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Showing 49831 - 49840 of 49831 pathways
SMPDB ID Pathway Chemical Compounds Proteins

SMP0125484

Pw127040 View Pathway
Disease

Immunometabolism Pathway (Bacterial Activation)

The normal response to a bacterial infection involves bacteria activateing the Toll-like receptor TLR4 on the membranes of macrophages, T-cells and dendritic cells. TLR4 activates the production of interferon regulatory factor 3 (IRF3), TIR-domain-containing adapter-inducing interferon-β (TRIF), signal transducer and activator of transcription 1 (STAT1) and nuclear factor kappa B (NF-kB) in the cytoplasm [1]. The NF-kB protein then goes to nucleus and activates expression of nitric oxide synthase (iNOS) which generates nitric oxide (NO). It also activates aconitate decarboxylase (Irg1), tumor necrosis factor (TNF), interleukin 6 (IL-6) and interleukin 1 beta (IL-1β). These are the pro-inflammatory proteins while nitric oxide (NO) is also a pro-inflammatory molecule that can lead to the production of oxidized tyrosines (i.e., nitrotyrosine). Similarly, the newly expressed IRF3 goes to the nucleus and activates the production of interferon beta (IFN- β), which is another pro-inflammatory cytokine. The whole collection of cytokines, TNF, IL-6, IL-1β and IFN-β move into the bloodstream and head to the brain and into the hypothalamus, leading to release of the hypothalamic corticotropin releasing hormone (CRH) [2]. CRH, in turn, activates the release of pituitary adrenocorticotropic hormone (ACTH), which then moves down through the blood stream towards the adrenal glands (located at the top of the kidneys) to produce cortisol and epinephrine. Cortisol and epinephrine stimulate the ”flight or fight” response, leading to the increased production of glucose from the liver (via glycogen breakdown) and the release of short-chain acylcarnitines (also from the liver) to help support beta-oxidation of fatty acids. These compounds support cell synthesis and growth of the macrophages and neutrophils used in the innate immune response. The liver also produces more IL-6, more TNF and more NO to further stimulate the innate immune response. Higher nitric oxide (NO) levels lead to blood vessel dilation and reduced blood pressure, which in its most extreme form, can be a major problem in sepsis. Higher iNOS expression in macrophages, neutrophils and dendritic cells consumes the amino acid arginine to produce more NO which disrupts the mitochondrial TCA cycle leading to the accumulation of citrate and the production of fatty acids and acylcarnitines (needed for lipid synthesis). Increased Irg1 (actonitate decarboxylase) expression leads to accumulation of succinate, which results in the succinylation of phosphofructokinase M2 (PKM2) [3]. Succinate also leads to the release of hypoxia inducible factor 1-alpha (HIF-1α) from its PHD-mediated inhibition. HIF-1α interacts with succinylated PKM2 and induces the expression of glycolytic genes such as Glut1 (the glucose transporter) and the pro-inflammatory cytokine IL-1β [3]. As a result of these metabolic changes and the deactivation of the oxidative phosphorylation pathway in their mitochondria, macrophages, neutrophils, T-cells and dendritic cells shift to aerobic glycolysis [4]. This leads to the production of more reactive oxygen species (ROS) which results in the oxidation of certain amino acids, such as methionine. This leads to the increased production of methionine sulfoxide (Met-SO). As the inflammatory response continues, more glucose and arginine in the bloodstream are consumed by dividing white blood cells to produce more lactate and more NO to further push the aerobic glycolytic pathway [4]. This aerobic glycolysis occurs primarily in white blood cells leading to active cell division and rapid white cell propagation (growing by a factor of three to four in a few hours). Hexokinase (HK) along with increased levels of lactate from aerobic glycolysis activate the inflammasome inside macrophages and dendritic cells, leading to the secretion of IL-1β. This cytokine further drives the aerobic glycolysis pathway for these white blood cells. All these signals and effects combine to lead to the rapid and sustained production of large numbers of macrophages, neutrophils, dendritic cells and T-cells to fight the bacterial infection. This often leads to a reduction in essential amino acids (threonine, lysine, tryptophan, leucine, isoleucine, valine, arginine) and a mild reduction in gluconeogenic acids (glycine, serine) in the bloodstram. The reduction in essential amino acids is intended to “starve” the invading bacteria (and other pathogens) of the amino acids they need to reproduce [4]. Some of the reduction in amino acid levels is moderated by the proteolysis of myosin in the muscle and the proteolysis of serum albumin in the blood (the most abundant protein in the blood, which is produced by the liver). These proteins act as amino acid reservoirs to help support rapid immune cell production. The loss of serum albumin in the blood to help support amino acid synthesis elsewhere can lead to hypoalbuminemia, a common feature of infections and inflammation. As the bacteria are cleared, the body goes into the anti-inflammatory response.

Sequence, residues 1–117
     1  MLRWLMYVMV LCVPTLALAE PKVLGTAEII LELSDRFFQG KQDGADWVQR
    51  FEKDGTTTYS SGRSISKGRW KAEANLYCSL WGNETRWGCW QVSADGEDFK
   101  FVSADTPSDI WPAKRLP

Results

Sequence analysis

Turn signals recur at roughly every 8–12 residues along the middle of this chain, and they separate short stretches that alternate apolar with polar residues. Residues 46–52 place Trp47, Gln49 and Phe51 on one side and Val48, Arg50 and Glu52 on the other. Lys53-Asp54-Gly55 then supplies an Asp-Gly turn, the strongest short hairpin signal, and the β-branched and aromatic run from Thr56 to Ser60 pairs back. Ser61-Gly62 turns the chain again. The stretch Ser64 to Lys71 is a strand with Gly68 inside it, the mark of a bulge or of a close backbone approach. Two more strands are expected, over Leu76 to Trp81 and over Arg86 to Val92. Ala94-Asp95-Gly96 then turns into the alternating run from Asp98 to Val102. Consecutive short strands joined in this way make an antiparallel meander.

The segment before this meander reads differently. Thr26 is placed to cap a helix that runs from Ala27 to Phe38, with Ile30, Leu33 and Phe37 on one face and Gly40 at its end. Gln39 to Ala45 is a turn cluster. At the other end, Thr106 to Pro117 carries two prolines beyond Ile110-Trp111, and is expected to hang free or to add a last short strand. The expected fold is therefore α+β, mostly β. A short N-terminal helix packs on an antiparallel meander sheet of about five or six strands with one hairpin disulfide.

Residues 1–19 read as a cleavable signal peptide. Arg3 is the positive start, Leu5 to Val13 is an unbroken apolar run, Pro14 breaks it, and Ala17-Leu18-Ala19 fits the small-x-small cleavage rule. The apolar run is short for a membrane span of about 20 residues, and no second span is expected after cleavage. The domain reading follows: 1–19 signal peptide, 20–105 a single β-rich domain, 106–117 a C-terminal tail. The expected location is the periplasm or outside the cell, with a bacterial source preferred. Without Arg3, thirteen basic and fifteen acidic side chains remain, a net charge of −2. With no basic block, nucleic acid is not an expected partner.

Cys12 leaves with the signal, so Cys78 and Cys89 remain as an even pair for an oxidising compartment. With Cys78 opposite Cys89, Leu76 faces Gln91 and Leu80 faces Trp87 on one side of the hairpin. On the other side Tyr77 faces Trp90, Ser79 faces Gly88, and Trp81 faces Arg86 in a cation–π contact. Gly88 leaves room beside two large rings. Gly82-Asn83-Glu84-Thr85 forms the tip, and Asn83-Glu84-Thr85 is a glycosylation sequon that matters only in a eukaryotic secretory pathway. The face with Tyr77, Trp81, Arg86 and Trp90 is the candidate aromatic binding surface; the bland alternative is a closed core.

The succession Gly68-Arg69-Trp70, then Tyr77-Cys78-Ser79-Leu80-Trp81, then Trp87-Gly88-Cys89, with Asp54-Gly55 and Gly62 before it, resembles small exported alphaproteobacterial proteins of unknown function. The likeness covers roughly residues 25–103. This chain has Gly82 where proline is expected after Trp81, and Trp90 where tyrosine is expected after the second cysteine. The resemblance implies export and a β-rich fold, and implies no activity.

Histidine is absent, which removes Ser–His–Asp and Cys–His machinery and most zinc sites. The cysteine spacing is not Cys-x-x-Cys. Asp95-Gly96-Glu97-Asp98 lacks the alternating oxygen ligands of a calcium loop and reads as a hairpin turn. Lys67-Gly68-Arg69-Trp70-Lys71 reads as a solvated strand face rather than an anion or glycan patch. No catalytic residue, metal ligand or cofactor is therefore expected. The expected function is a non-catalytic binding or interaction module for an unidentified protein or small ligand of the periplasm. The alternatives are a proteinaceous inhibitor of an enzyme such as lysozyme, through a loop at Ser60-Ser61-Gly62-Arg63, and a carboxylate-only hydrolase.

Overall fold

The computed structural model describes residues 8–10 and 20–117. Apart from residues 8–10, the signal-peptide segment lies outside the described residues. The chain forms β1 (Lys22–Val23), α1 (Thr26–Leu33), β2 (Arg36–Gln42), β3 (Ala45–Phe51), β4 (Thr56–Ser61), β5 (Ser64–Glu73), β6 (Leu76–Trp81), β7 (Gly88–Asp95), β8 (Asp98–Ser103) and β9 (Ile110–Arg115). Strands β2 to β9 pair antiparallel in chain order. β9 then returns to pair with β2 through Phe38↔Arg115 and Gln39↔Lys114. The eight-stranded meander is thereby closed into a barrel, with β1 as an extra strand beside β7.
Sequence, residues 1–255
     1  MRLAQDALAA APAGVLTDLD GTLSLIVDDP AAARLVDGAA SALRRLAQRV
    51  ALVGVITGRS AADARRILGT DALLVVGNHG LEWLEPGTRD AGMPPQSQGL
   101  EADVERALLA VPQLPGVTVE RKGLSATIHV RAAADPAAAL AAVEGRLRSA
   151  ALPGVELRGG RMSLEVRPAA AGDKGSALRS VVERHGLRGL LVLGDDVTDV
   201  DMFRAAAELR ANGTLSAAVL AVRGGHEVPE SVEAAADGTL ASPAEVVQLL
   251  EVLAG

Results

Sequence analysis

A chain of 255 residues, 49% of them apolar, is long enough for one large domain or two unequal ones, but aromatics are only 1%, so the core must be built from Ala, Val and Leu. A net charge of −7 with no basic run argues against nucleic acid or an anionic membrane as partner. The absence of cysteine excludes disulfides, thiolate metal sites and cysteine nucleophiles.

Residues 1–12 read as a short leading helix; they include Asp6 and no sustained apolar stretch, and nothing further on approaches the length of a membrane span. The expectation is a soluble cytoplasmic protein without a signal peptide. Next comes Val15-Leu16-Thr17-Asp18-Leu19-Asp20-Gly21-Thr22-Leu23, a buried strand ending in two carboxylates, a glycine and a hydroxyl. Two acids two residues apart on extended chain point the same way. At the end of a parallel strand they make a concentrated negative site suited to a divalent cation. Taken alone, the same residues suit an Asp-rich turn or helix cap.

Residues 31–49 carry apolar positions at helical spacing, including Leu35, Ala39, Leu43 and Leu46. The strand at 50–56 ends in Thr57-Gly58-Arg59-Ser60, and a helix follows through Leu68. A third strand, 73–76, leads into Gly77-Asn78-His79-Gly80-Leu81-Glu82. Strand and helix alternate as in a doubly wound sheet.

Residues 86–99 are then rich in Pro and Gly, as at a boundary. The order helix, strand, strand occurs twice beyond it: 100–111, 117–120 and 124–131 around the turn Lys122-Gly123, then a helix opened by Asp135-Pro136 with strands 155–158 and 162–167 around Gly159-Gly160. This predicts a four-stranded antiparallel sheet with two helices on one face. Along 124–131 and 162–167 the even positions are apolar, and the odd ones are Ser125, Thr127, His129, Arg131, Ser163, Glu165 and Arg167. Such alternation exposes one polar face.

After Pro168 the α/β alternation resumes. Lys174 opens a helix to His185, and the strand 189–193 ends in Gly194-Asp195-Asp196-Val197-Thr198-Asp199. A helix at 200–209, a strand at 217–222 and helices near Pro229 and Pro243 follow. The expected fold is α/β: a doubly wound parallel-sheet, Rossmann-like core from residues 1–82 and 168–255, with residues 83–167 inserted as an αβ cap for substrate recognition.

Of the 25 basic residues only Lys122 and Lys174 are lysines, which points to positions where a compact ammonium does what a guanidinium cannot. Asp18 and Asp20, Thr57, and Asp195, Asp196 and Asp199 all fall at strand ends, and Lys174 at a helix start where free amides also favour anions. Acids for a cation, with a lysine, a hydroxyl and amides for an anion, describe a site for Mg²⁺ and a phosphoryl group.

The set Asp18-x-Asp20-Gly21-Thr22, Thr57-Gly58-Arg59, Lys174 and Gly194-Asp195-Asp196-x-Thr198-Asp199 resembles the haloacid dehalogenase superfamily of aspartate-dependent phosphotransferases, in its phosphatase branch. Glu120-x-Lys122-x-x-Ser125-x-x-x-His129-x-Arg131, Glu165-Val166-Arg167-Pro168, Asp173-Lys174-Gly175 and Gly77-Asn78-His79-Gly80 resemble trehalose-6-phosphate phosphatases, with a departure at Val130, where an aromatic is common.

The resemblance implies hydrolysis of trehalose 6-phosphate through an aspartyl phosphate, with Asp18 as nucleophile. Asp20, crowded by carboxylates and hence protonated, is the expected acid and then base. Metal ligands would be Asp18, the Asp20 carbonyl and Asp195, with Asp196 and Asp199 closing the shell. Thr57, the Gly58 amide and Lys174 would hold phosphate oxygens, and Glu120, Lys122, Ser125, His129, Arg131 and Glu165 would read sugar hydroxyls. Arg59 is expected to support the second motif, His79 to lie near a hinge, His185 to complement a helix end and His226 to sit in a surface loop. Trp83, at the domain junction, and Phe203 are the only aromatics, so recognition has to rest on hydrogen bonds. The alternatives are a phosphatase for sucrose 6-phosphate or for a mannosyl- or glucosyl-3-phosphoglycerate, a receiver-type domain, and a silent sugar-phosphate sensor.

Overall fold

Showing 49831 - 49840 of 49831 pathways